Handloom sari at Walahjapet, Tamil Nadu
Handloom sari at Walahjapet, Tamil Nadu. Photo: Sweta Daga Source: ruralindiaonline.org

"On 29,80,000 hand looms more than 65,00,000 families of 1,20,00,000 people are depending for their livelihood. All these people will be abandoned by the state if powerlooms replace these creators of exquisite crafts like so much horse power labour mass producing identical designs.

The secrecy around the proceedings is ominous. This government has shown little inclination for accountability. It now depends on us to ask questions that require answers.

[tweetthis]Handlom fabric enthusiasts, please read this![/tweetthis]

Update: The Odisha government has opposed the bid of powerloom operators to get saris removed from the Handloom(Reservation of Articles for Production) Act of 1985.

March 2, 2015

Declaration of the Organic Farmers community of India at the 5th National Organic Farmers’ Convention, 2015, Chandigarh, India

The organic farming community of this country, represented in strength by over 2500 participants at this fifth National Organic Farming Convention, pledges to carry forward with renewed strength our endeavour to mainstream agro-ecological farming practices across the country. The gathering, comprising practicing farmers, including women, tribal and adivasi people, seed savers, ecologists, scientists, non-governmental and community organizations, is supported in this effort by the international organic farming community spread across 130 countries and represented by IFOAM, the International Federation of Organic Agriculture Movements.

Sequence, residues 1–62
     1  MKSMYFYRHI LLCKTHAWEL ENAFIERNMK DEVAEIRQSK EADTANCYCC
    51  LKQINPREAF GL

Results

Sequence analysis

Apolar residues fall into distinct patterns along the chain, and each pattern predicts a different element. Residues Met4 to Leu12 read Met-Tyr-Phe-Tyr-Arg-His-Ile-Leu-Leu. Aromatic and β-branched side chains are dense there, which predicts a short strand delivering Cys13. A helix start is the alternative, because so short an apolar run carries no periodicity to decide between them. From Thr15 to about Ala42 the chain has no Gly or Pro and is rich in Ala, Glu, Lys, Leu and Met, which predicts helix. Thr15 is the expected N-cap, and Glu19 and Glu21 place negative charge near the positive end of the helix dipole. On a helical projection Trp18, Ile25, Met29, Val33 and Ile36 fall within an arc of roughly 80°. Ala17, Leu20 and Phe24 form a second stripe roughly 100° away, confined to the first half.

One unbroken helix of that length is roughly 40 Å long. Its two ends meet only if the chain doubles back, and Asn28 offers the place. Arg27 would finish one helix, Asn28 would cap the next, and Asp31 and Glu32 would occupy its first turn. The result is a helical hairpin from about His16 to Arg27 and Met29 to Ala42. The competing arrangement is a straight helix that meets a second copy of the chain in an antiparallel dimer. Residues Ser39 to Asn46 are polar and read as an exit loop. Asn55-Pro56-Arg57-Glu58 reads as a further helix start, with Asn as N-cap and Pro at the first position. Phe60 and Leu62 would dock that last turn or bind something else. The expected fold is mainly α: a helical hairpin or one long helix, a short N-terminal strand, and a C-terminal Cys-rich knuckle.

We reiterate our conviction that agro-ecological farming practices are the only way forward for meeting the nutritional, livelihood, socio-cultural and spiritual needs of our people, including those of future generations. This conviction is strengthened by the experiences of our farmer friends in Punjab and Haryana who have paid a high price and sacrificed their environment and the health of their people. We pledge to stand by them in their journey to recovery and restoration.

We, the participants representing the organic farming community of India, declare:

  1. Organic farming practices CAN meet all the food and nutritional needs of our nation, and it is the only sustainable way to safeguard the food security of present and future generations. The growing number of organic farmers and rising demand for organic produce is evidence of its rapid spread.
  2. The IAASTD World Agriculture Report, authored by 400 international experts, including UN representatives, and endorsed by 58 nations, including India, recommends agro-ecological practices and small family farms, suitably adapted to local needs and conditions. It adds that GM crops are no solution to hunger, poverty, climate change as well as ecological, energy and economic challenges.